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Has the mainstream media been responsible in the way it’s reported the lion-killing story?

If nothing else, the episode warrants a discussion of how news organizations treat stories with such extreme emotional power.

It's often said, “The first rule of show biz is, ‘Give the people what they want.’ ”
REUTERS/Eric Miller

Anyone who has worked in a mainstream newsroom more than a week could see the potential in the tale of Dr. Walter Palmer and his killing of Cecil the lion. Jumping on the story would have been an easy call even 20 years ago. Animal stories have a unique emotional power over the public. “Animal stories always sell,” is the adage.

But in the new era/reality of social media, when the public’s appeal for a certain story is instantly obvious via Twitter, Facebook and the like, feeding that appetite is a complete no-brainer if you’re in the business of selling news.

It’s often said, “The first rule of show biz is, ‘Give the people what they want.’ ” And in this case what the public wanted was, to put it bluntly: the trophy-­hunting dentist’s head on a pike. Not that any respectable newsroom was going to advocate for such a thing directly. They didn’t have to.

All that was required was to give the irresistible story maximum coverage, an easy effort in the dog days of summer, when the only other news with “talker” status is the latest buffoonish comment by one political candidate or another.

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Putting aside whatever personal views you may have about Dr. Palmer and big game hunting in the 21st century, the episode warrants a discussion of how mainstream/legacy/professional news organizations treat stories with the built in emotional fuel­-on-­fire potential of this one.

For example, what is to be avoided or included in coverage, knowing full well that the story was primed to press all the outrage buttons on a large segment of the audience? After all, the story arrived complete with pictures of the majestic lion and the hunter, shirtless in one shot (a la Vladimir Putin), hefting a leopard he had killed on a previous trip. Any “balance” in the story was completely out of whack even if presented “objectively.”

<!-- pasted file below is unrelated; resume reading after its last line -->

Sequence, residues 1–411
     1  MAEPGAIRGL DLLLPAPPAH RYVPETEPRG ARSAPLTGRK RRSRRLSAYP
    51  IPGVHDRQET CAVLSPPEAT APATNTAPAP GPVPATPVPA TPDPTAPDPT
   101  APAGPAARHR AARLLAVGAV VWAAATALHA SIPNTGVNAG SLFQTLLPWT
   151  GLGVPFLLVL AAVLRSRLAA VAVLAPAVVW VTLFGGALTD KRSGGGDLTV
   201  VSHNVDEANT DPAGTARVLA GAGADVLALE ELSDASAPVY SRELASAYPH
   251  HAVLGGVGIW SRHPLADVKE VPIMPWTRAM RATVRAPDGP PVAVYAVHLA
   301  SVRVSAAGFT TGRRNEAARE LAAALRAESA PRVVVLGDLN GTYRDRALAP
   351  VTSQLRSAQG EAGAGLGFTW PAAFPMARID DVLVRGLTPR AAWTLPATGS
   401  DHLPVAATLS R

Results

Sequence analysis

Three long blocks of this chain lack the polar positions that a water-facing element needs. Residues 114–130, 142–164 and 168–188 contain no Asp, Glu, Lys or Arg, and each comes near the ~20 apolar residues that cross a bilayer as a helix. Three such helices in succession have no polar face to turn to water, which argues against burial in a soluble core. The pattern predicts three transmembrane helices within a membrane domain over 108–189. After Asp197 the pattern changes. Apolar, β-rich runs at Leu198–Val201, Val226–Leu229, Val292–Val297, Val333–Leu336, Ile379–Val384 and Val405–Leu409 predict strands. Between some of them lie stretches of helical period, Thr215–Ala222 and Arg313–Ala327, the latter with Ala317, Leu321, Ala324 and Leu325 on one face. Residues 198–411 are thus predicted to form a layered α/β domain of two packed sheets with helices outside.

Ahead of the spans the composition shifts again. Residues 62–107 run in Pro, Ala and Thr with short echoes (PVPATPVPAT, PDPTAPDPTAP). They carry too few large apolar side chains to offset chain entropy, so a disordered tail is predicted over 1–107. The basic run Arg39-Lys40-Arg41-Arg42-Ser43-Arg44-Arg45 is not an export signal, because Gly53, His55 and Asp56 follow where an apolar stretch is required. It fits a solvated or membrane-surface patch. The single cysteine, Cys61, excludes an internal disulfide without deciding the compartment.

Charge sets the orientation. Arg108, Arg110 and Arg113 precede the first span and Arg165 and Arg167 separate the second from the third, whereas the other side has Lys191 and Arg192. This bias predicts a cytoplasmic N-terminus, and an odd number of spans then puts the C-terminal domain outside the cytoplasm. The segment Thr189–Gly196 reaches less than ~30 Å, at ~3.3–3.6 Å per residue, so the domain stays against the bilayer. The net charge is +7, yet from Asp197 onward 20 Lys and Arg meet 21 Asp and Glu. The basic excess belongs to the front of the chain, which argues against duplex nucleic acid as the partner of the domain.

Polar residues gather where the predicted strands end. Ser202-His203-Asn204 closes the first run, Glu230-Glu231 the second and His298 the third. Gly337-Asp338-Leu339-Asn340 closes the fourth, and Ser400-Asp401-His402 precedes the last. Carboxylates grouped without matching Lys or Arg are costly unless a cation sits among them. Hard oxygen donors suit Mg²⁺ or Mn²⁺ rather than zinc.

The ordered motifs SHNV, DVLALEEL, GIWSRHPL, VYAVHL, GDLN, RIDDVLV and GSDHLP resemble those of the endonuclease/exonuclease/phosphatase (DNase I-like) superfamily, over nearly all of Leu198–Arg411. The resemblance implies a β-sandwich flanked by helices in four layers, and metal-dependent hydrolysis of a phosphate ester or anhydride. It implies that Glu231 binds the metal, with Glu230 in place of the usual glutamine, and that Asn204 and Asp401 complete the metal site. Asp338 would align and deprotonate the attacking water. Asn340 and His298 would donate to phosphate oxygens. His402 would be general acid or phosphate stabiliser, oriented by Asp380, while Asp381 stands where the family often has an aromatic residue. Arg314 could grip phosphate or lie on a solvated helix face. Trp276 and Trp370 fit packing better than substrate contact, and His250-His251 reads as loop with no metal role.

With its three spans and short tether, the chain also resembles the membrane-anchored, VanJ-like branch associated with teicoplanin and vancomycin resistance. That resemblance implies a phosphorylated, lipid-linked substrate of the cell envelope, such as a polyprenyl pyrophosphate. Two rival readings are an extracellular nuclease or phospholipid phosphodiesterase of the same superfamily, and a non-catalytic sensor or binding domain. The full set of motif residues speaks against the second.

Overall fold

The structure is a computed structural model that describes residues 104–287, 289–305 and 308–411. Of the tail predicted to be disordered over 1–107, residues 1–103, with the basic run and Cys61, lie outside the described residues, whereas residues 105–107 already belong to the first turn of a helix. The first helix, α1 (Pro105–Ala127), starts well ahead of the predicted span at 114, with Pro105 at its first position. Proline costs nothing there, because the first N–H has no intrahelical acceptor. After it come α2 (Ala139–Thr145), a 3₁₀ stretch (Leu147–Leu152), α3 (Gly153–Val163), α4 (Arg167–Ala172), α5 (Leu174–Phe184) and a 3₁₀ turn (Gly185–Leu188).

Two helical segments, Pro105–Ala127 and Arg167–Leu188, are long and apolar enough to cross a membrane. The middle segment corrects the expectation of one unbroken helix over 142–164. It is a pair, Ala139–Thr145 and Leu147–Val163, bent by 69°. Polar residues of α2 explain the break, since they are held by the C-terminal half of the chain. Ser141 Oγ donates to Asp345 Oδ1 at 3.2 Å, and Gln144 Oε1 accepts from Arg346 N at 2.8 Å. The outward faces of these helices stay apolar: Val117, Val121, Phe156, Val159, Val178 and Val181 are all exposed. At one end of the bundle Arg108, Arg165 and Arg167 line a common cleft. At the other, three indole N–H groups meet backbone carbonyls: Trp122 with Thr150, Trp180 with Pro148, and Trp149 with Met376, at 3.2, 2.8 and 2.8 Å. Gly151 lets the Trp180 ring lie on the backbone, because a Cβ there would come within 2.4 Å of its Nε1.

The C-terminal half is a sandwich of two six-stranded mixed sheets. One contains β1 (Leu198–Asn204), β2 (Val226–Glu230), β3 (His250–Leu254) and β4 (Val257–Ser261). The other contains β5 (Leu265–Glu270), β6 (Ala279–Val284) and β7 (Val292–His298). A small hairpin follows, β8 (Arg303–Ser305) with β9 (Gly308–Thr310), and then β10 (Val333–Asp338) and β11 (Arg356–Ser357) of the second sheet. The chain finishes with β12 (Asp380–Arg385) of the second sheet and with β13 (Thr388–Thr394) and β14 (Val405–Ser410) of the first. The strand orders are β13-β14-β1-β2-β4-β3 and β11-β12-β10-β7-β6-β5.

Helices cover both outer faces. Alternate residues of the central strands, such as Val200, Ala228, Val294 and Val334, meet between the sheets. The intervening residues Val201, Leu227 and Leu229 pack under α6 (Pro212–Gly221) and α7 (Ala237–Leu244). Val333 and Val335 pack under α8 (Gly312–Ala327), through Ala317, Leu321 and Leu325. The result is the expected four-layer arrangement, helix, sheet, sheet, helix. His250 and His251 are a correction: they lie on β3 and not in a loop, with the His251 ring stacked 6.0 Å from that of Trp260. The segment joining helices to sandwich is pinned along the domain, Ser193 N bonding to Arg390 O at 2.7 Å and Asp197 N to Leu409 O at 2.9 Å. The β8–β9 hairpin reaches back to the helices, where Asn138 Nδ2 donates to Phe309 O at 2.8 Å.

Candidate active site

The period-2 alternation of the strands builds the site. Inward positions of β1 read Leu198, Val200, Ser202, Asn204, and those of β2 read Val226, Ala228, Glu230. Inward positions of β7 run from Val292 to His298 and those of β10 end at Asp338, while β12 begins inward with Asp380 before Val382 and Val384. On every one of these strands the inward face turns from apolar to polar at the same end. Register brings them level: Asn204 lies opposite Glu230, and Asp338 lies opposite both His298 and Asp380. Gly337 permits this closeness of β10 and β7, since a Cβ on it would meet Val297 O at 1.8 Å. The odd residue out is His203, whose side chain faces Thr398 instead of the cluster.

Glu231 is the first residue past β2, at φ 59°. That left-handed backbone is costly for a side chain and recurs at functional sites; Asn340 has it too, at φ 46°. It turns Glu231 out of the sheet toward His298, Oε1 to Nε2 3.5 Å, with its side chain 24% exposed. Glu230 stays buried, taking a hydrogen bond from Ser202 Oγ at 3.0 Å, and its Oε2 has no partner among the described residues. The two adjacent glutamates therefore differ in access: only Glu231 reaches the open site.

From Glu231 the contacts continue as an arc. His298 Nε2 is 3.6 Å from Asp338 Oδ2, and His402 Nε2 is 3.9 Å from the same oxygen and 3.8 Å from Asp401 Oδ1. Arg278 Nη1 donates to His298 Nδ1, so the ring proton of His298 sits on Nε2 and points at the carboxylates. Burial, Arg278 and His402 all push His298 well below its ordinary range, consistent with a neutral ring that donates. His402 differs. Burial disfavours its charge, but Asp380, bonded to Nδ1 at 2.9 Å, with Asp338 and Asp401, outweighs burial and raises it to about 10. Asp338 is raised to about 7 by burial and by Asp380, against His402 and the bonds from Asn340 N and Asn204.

U of M associate prof Chris Ison, a former Star Tribune investigative reporter, says, “I don’t know that anyone I’ve seen or read has done a terrible job on this story. But I will say that in a story like this, which you know is going to incite a high level of passion among the public, you have to be very clear about what you don’t know.”

This would include, he says, facets like whether Palmer knew what he was doing was illegal (which he says he didn’t and was reported widely) and what exactly is the status of lion population in Africa (which wasn’t). The latter being the type of information as immediately accessible today as the exploding furor over the incident on social media.

Likewise, a few strokes of the keyboard can produce background information like Palmer’s previous wildlife infraction for bear­ hunting in Wisconsin and his $127,000 pay­out in a sexual harassment complaint by an employee of his dental office, both of which were injected immediately into the first run of stories on Palmer. 

“The sexual harassment thing I’m certain set off a lot of debate in newsrooms over whether it was germane to the trophy hunting end of his story,” says Ison. “I personally would have argued that that kind of information about someone in this guy’s situation, being that it is publicly available, is relevant. Many I’m sure would disagree. It is something that did happen.”